System biology approach to increase hydrogen production in C. reinhardtii
Jörg Toepel, Julia Beckmann, Anja Doebbe, Anh-Vu Nguyen and Olaf Kruse
Bielefeld University, Algae Biotechnology Group, Universitätsstrasse 27, 33615 Bielefeld, Germany
C. reinhardtii belongs to a selected group of organisms which have evolved the ability to use solar energy to recombine H+ and e- via the hydrogenase enzymes to produce hydrogen. The process of sulphur deprivation induces bio H2 production in C. reinhardtii and involve complex interactions between different metabolic pathways located both in the chloroplast and the mitochondria. When cells encounter anaerobic growth conditions, metabolic pathways are remodelled in response to oxygen and sulphur depletion. We used a system biology approach to analyze hydrogen production in C. reinhardtii in more detail. Therefore we analyzed the transcriptome, proteome and metabolome under anaerobic conditions for the wildtype CC406 and Stm6Glc4 cultures and created a model deduced of the data to find bottle necks and determine individual key transcripts and proteins necessary for Chlamydomonas hydrogen metabolism. This methodology allows to follow changes in transcript, protein and metabolome levels under different H2ase enzyme activity conditions during a time course experiment. In this way it provides complete sets of data before H2 production compared to high H2 producing phase but also direct comparison between wildtype CC-406 and high H2 producing mutant Stm6Glc4 over a wide time scale.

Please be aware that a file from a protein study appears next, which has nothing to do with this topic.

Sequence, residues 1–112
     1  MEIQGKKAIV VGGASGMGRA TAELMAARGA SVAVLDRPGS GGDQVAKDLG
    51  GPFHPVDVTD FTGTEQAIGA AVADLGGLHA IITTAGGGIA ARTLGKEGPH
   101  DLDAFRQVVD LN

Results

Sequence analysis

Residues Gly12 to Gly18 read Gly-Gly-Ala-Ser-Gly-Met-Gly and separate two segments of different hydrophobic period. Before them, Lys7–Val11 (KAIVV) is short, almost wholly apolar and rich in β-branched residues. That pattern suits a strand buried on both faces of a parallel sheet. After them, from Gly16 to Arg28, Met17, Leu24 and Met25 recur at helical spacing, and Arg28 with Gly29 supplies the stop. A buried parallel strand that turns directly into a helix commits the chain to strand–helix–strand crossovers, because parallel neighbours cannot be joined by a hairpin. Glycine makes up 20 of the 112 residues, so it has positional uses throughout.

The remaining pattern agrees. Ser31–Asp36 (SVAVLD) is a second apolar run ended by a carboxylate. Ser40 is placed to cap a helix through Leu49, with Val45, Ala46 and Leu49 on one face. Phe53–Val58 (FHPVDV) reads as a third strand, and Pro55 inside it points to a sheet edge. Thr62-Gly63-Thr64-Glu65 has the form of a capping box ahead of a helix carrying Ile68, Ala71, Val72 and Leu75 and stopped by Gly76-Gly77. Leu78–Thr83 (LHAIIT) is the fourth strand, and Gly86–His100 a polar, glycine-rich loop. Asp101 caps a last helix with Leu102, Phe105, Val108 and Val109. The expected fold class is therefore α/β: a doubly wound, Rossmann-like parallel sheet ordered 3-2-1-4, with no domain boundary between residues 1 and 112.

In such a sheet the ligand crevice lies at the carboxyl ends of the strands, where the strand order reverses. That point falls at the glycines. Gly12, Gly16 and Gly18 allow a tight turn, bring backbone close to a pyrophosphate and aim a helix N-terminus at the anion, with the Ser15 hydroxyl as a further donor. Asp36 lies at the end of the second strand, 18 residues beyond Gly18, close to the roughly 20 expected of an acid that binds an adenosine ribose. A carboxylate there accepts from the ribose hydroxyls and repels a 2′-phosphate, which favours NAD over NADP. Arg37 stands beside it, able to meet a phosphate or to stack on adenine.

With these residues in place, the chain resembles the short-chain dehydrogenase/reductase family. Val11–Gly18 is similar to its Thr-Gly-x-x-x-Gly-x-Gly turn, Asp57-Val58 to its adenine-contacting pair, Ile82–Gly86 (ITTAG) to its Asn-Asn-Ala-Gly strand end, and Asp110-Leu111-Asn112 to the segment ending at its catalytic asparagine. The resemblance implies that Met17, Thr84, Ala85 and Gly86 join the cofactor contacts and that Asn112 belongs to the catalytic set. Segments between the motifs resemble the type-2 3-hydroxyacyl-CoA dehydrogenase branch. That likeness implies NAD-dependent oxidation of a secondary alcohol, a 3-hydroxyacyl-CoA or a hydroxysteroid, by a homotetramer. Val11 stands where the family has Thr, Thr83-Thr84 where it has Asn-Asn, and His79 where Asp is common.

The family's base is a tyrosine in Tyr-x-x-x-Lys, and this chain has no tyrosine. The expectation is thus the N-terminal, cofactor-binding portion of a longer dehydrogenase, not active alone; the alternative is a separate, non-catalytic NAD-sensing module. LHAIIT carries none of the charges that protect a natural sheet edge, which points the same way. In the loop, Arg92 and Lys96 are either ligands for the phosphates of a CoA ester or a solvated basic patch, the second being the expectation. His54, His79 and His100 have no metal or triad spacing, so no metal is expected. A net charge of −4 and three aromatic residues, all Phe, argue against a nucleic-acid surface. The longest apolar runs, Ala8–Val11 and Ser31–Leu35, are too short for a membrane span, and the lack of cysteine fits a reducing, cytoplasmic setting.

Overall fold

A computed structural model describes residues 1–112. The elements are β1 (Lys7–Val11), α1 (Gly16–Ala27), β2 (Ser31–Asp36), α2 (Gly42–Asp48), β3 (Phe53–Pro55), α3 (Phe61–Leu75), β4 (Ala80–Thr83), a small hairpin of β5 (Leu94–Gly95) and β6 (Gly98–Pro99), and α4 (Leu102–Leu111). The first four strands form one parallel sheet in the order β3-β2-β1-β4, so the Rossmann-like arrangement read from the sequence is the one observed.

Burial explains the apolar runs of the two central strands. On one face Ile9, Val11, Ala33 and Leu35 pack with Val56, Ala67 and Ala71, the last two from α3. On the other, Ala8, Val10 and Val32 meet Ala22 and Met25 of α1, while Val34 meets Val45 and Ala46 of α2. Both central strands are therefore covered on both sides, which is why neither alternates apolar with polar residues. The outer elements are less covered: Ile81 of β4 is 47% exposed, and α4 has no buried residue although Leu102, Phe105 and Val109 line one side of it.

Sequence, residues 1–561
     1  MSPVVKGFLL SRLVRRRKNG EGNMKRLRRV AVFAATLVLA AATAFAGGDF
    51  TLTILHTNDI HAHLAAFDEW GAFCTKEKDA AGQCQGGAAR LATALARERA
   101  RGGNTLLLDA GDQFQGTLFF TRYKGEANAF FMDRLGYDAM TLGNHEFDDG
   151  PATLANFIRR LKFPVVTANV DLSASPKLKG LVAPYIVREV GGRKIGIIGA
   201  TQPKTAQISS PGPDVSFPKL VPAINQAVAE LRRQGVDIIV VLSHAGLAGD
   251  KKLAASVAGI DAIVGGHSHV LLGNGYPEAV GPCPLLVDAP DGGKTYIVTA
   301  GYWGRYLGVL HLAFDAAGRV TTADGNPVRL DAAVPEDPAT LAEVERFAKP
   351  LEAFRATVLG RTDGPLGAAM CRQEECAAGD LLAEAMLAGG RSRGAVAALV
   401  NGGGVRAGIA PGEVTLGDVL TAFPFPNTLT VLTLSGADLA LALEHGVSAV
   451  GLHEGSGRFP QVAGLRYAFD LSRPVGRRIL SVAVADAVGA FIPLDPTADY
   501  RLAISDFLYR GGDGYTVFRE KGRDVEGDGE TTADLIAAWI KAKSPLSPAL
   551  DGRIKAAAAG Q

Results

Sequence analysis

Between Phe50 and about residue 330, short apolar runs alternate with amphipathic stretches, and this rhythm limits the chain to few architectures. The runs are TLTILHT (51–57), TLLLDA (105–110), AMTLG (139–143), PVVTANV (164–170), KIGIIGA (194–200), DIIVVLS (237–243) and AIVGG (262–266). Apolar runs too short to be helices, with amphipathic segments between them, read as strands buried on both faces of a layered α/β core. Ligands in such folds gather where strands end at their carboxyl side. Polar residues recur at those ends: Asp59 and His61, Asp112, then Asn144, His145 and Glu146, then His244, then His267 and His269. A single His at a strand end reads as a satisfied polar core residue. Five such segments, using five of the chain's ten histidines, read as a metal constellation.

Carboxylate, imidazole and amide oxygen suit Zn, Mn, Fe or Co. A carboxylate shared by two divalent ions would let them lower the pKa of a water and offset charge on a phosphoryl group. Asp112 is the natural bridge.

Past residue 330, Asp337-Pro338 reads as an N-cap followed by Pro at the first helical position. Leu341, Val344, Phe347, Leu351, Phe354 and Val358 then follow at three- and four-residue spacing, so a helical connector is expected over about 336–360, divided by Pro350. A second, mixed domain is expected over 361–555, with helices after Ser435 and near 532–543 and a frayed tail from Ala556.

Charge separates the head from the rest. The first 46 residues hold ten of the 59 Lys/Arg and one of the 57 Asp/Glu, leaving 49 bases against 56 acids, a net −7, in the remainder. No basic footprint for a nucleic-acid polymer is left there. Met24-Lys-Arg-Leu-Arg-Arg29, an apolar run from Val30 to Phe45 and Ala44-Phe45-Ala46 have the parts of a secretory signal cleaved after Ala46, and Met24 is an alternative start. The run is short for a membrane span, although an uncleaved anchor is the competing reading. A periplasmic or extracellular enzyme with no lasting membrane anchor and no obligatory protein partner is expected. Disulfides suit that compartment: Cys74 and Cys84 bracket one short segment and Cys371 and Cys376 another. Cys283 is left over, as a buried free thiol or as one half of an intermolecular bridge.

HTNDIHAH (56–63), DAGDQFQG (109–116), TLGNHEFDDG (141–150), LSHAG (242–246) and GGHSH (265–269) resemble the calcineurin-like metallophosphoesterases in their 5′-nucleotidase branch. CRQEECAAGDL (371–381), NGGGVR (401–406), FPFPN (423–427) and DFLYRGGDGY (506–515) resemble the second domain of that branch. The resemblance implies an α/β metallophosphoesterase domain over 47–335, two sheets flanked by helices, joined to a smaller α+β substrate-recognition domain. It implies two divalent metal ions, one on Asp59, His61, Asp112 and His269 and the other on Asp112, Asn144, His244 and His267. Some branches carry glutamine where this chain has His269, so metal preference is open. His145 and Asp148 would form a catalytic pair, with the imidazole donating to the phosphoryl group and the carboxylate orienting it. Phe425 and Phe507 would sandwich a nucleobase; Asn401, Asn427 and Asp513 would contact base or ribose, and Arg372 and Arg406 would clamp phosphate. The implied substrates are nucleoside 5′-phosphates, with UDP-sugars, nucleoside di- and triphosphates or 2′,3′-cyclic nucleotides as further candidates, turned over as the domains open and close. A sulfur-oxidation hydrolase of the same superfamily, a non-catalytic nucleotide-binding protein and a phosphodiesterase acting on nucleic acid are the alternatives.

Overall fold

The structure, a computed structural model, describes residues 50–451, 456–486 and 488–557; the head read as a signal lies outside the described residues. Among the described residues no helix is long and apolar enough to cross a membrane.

Our data showed an overall adaptation to anaerobis and sulphate depletion, e.g. a decreased photosynthetic activity, increased fermentation and reduced activity of the tricarbonacid cycle, pentose phosphate pathway and glycolysis. The cells accumulate ethanol, formate and lipids during the hydrogen production phase and used external added acetate for growth. Additionally, several new potential target genes and competitive electron sinks were detected.
The data can be used in follow up studies to increase electron flow towards the hydrogenases and to increase hydrogen production to lift it up to commercial usable level.
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